Mr Surapong said the
    ”mass shooting” near Koh Phra Thong had changed the relationship between the
    Rohingya and the Thai ”men in uniform” involved in the human smuggling racket.
    In the past, corruption and bribes had been an accepted part of the deal to
    reach their destination, but the Rohingya would not tolerate Thai officials
    allegedly firing on them.
    ”They were happy to
    see Thai government officials involved in human trafficking activities, until
    the deaths of the two Rohingya,” he said.
    The two bodies
    recovered had autopsies performed on them at the Khura Buri Chaipat Hospital on
    Feb 28. Neither the hospital nor the local police were willing to reveal the
    results of the autopsies and the bodies have been buried.
    Pol Col Weerasin
    Kwancheng, superintendent of Khura Buri Police Station told Spectrum on
    Thursday the causes of death of the two men were unknown.
    ”The Khura Buri
    Chaipat Hospital performed autopsies on the two unidentified men found floating
    in the water off Ko Phra Thong on Feb 28, but they couldn’t find out the causes
    of death. The bodies were badly decayed and the hospital didn’t have the
    equipment for more thorough autopsies. Therefore, the hospital couldn’t
    determine the actual causes of death.”
    Mr Surapong said that
    at a human trafficking seminar he held in Bangkok on March 14, a group of angry
    Rohingya claimed 15 Rohingya had been killed in Khura Buri.
    Mr Surapong said the
    government needed a clearer policy to deal with Rohingya otherwise the same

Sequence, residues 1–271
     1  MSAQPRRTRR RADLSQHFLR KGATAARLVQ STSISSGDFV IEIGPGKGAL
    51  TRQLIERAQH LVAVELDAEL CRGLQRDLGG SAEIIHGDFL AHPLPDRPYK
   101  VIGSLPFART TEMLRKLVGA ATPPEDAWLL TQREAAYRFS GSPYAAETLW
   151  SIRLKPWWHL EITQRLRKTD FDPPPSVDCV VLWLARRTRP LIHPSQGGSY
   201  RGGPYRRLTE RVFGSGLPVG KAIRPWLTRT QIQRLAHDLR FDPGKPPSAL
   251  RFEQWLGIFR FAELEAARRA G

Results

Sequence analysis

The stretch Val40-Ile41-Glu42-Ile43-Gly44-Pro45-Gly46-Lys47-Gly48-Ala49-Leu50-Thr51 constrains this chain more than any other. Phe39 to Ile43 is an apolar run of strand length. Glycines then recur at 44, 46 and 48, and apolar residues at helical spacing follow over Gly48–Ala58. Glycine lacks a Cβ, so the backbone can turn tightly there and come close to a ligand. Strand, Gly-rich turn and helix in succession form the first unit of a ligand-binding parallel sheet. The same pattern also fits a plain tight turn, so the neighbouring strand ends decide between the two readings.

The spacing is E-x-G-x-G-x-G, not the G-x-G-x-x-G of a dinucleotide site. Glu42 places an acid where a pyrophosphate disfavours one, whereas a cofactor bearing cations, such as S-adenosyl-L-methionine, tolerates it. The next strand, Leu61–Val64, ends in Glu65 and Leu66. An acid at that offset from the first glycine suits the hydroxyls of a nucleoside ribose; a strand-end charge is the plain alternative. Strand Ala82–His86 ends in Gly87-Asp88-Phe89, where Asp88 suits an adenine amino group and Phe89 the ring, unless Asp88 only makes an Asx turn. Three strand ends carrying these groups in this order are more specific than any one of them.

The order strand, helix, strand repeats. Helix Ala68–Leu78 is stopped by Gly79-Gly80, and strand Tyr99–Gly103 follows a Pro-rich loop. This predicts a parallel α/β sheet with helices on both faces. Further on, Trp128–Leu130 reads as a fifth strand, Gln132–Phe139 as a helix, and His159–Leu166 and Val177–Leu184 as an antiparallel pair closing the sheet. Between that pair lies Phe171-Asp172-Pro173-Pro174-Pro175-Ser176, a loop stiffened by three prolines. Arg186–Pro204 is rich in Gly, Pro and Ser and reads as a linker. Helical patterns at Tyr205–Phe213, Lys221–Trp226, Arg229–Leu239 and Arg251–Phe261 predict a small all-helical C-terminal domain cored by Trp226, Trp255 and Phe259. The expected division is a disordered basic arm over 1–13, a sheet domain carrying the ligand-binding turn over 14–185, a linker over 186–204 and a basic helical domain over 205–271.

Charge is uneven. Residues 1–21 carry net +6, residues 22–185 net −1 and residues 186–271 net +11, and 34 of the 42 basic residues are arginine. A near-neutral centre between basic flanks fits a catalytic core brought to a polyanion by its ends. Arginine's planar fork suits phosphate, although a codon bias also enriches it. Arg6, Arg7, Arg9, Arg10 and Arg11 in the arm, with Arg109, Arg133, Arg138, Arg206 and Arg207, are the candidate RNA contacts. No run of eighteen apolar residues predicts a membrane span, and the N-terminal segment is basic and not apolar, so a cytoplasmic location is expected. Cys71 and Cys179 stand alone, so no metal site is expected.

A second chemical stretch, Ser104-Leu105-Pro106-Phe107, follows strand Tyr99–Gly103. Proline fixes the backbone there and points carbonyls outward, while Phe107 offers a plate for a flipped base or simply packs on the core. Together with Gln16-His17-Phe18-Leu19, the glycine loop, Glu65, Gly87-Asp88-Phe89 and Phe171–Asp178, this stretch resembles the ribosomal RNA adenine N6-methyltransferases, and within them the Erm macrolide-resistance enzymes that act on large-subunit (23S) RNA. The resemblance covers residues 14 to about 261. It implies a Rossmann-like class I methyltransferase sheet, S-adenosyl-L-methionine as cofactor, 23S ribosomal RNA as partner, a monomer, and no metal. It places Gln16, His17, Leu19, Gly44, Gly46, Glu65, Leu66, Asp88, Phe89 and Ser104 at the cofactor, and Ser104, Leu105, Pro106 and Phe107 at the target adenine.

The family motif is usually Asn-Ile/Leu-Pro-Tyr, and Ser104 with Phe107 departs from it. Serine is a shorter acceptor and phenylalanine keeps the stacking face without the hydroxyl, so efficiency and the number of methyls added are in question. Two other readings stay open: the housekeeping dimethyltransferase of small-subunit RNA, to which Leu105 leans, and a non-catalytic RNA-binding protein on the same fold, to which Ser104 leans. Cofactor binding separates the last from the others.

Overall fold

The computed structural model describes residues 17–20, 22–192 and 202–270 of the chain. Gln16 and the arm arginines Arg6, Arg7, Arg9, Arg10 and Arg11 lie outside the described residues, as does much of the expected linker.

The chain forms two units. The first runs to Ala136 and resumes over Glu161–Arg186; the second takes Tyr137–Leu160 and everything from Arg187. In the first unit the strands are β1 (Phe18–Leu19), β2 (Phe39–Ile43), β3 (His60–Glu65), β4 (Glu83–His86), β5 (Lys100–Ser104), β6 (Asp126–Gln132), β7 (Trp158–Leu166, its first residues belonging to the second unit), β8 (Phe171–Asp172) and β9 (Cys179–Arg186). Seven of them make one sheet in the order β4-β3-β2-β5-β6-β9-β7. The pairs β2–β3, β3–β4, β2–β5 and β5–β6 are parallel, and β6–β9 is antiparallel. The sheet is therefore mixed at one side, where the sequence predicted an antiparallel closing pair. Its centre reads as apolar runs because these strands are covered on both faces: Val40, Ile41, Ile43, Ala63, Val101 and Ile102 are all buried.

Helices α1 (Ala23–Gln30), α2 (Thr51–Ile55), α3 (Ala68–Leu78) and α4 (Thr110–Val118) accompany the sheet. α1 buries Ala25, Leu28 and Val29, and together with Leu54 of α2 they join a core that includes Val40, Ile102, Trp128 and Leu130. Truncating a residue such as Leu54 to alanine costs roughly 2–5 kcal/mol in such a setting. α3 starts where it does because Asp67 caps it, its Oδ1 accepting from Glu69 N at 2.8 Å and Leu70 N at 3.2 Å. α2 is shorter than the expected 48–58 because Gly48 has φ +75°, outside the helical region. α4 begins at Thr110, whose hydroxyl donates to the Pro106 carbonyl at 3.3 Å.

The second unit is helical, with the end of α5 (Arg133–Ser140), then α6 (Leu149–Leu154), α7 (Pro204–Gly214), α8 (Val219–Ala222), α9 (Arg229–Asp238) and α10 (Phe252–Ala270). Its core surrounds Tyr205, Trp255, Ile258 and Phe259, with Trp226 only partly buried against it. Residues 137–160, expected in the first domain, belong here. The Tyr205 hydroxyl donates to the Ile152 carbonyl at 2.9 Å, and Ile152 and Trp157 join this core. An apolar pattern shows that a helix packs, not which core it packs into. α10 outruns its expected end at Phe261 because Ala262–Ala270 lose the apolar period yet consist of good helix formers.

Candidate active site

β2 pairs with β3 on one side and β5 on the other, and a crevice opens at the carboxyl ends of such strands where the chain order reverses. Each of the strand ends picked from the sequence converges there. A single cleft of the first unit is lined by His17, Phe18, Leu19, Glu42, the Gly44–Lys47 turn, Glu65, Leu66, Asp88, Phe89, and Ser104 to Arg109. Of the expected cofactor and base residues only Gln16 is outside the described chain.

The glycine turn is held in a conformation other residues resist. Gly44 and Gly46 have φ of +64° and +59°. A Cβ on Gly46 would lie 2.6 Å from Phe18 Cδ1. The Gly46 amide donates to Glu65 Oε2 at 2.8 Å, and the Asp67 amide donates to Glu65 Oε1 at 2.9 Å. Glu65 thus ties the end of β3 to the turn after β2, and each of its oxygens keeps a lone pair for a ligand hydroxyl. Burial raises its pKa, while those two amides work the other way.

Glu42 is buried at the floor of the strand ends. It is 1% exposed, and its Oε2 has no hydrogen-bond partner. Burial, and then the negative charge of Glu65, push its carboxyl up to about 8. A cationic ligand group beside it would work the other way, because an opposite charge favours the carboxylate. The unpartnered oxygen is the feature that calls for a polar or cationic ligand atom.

tragedies would be repeated every year.
    ”They should now
    close the border and not allow any more Rohingya to enter the country,” he
    ”We should deal with
    the 1,700 Rohingya that are here by sending them back to their place of origin.
    ”The most important
    step is to find out who is behind this and punish them. Though it’s difficult,
    it can be done.”
    The village of Ban
    Hin Lat dates back to 1945, when it was settled by Muslims from Krabi and
    Nakhon Si Thammarat provinces. Today, the thriving community is home to 2,227
    people, of which 80% percent are Muslim, including a number of migrant
    fishermen from Myanmar.
    Fishing is a key
    driver of the local economy, along with its rubber and palm tree plantations.
    Architecturally, Hin
    Lat is a blend of ancient and modern. Traditional fishermen’s cottages sit
    comfortably alongside the colourful modern homes of the village’s wealthier
    The bright paintwork
    is typical of Muslim homes in southern Thailand, where vibrant hues are used as
    a sign of prosperity.
    Most properties in
    the village are single storey, except for the small number belonging to civic
    leaders and other prominent figures.
    Unlike many villages
    in Thailand, Hin Lat has a paved road running through its central area. Though
    despite the nod to modern infrastructure, much of the activity in the community
    revolves around the market areas and back streets, where rows of vendors tout
    their wares and local folk chat among themselves in their distinctive southern
    At one end of the
    main street is the harbour. Tourists can catch a boat there to Koh Pra Thong,
    one of Phangnga’s main attractions.
    Close to the entrance
    to the village is the community mosque at Hin Lat Moo 3. As well as providing a
    religious focal point for the community, the mosque is home to the Rohingya
    Help Centre. Suitably, within its grounds is a small fishing boat that was used
    by a group of Rohingya people to flee Myanmar and later put on display by the
    local people.
    Villagers told
    Spectrum that they preserved the boat as a reminder of the 120 Rohingya people
    who sailed in it from Myanmar to Thailand, and whose lives they helped to save.
    Written in Thai along
    the side of the vessel are the words, ”Rohingya people _ the forgotten citizens
    of the world”.